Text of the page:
We’re heading into what might be the quietest week of the summer as the earnings season comes to a close and investors ease into the Labor Day long weekend.
But there’s still news to watch, as trade tensions escalate and four of the six major Canadian banks report fiscal third-quarter results. Economic growth figures for Canada are due Friday.
President Donald Trump’s twitter tirade upended markets globally Friday with the S&P/TSX Composite Index down 1.3 per cen t, for a second weekly decline. The slide in Canadian stocks wasn’t as painful as the plunge in their U.S. counterparts -- the Nasdaq was down three per cent -- thanks to the heavy weighting of gold miners in Canada. The S&P/TSX Materials Index -- which has an 11.9 per cent weighting on the TSX -- was the only winner with an 1.8 per cent climb.
Now on to earnings.
It looks like money manager Steve Eisman’s short bets on Royal Bank of Canada and Canadian Imperial Bank of Commerce haven’t panned out. At least not yet. Shares of both banks climbed after reporting earnings last week.
RBC’s domestic personal-and-commercial banking unit -- the company’s biggest division -- posted a 7.9 per cent jump in earnings to a record C$1.61 billion. Wealth-management profits rose 11 per cent .
CIBC reported that its U.S. operations and higher revenue lifted profits.
Still, it’s worth noting that RBC fell for a fifth consecutive week, its longest losing streak since 2016. The stock has slumped about 10 per cent since its April peak.
In Eisman’s interview with BNN Bloomberg Thursday -- where he disclosed a short position in retailer Canadian Tire Corp. -- he reiterated his short bets on both banks, as well as Laurentian Bank of Canada and alternative lender Home Capital Group Inc.. He said the timeframe for his bet is nine months to three years.
Bank of Montreal and Bank of Nova Scotia are slated to report on Aug. 27, National Bank of Canada the following day and Toronto-Dominion Bank closes out the season on Aug. 29. Smaller, niche lenders Canadian Western Bank and Laurentian Bank also report that day.
Rewarding shareholders might help. Barclays Plc analyst John Aiken, who called the dividend hike for CIBC, also expects Scotiabank and Canadian Western Bank to follow suit. “Dividend yields remain strong, providing some downside protection and supporting the ‘defensive flight to safety’ trade,” he said in an Aug. 12 report.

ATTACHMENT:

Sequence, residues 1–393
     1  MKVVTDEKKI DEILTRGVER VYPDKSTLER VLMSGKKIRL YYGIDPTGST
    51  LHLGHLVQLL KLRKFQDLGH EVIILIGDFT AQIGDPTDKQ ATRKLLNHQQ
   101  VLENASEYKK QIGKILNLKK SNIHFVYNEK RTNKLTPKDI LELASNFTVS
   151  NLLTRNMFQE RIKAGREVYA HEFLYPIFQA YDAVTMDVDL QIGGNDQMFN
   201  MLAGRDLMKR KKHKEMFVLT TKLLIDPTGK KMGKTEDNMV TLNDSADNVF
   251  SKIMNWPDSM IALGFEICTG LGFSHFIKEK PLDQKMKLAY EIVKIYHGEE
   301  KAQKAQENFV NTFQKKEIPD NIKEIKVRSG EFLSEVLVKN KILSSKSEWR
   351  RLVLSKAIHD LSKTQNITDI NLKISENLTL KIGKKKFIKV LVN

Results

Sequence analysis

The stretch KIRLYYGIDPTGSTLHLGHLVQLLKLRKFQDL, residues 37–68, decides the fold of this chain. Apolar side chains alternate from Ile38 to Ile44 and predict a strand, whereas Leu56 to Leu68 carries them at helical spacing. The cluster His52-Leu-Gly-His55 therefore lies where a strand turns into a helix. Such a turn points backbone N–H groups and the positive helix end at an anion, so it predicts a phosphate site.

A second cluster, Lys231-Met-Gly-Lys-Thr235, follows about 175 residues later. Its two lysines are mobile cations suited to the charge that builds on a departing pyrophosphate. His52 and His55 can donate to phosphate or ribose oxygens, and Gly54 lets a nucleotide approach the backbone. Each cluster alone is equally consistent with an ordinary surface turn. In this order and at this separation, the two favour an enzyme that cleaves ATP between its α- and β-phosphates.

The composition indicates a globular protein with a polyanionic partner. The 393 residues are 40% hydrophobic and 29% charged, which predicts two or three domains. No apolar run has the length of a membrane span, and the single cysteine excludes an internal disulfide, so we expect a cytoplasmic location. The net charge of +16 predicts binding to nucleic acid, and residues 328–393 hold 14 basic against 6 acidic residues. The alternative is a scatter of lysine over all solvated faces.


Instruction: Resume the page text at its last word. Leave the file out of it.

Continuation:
Second-quarter GDP data will be the main event for economy watchers. With July’s inflation holding steady at 2%, tempering the case for a rate cut, market participants will be on edge to see if there’s a hint of a slowdown, which could boost the possibility of an October rate cut. The forecast for June is 0.1% growth, down from 0.2% in May.
Here’s our weekly wrap of what happened in Canada.
Markets -- Just The Numbers
What started off as a quiet week on the trade front quickly escalated on Friday as China said it plans to slap tariffs on US$75 billion of U.S. goods in December. Then came Jerome Powell’s speech at Jackson Hole which attempted to reassure markets. But that was a distant memory within minutes as Trump unleashed a Twitter diatribe against his appointed Fed chair.
The U.S. 10-year yield slid and stocks tumbled.
Canada’s key stock gauge slide 0.7 per cent last week -- setting the stage for the second month of declines this year. Coincidentally, the last monthly decline was in May(down 3.3 per cent), when Trump escalated trade tensions and announced additional tariffs on Chinese goods.
The nation’s 10-year yield slumped 12 basis points to 1.17 per cent Friday, while its 2-year yield also slipped to 1.37 per cent.
Goldman Sachs Group Inc. re-opened the Maple market after more than four months without a primary deal in an early sign that other issuers may follow.
The Canadian dollar gained Friday and fell 0.2 per cent against the greenback for the week.
What the Fed Could Learn From Canada: Narayana Kocherlakota
This year has been one for the record books when it comes to Canadian airline stocks. And it just got better with Amazon.com Inc. and Cargojet Inc.’s announcement Friday that the e-commerce giant plans to take an ownership position in the Canadian cargo carrier via two tranches of warrants issuance.
The stock rallied 13 per cent to close at a record high. Fun fact: Cargojet’s Chief Executive Officer and founder Ajay Virmani gained almost $18 million on paper for the day.
Another Canadian CEO got a nice bump Friday. Entertainment One Ltd.’s Darren Throop saw his stake in the company jump by 10 million pounds (US$12.3 million) as the stock soared after Hasbro Inc. agreed to spend US$4 billion to buy the company. Canada Pension Plan, the largest shareholder, earned 122 million pounds on paper.
Chart of The Week
The nation’s growth seems to be on track for a robust second quarter.
Toronto Raptors played a part in Canada’s June retail sales coming in stronger than expected.
Albeit a minor data point, the decline in June manufacturing sales was narrower than expected. Sales fell 1.2 per cent m/m to C$58 billion compared with Bloomberg survey estimate of -1.8 per cent.
Social media fans, here’s what was trending in Canada last week:
1. The City of Toronto is seeking votes for new Etobicoke Centre street names and one of them could be named after former mayor Doug Ford.
#Toronto might soon get a street named after Rob Ford https://t.co/axMbmtOMCMpic.twitter.com/XsETYYSJot
— blogTO (@blogTO) August 20, 2019
2. Green Bay Packers quarterback Aaron Rodgers arrived in Winnipeg last week dressed in a Canadian tuxedo.
Aaron Rodgers busted out his best Canadian tuxedo while arriving in Winnipeg. WATCH @ https://t.co/Z64jxEr5cE pic.twitter.com/Tm4QEmjHGf
— BarDown (@BarDown) August 21, 2019
--With assistance from David Scanlan.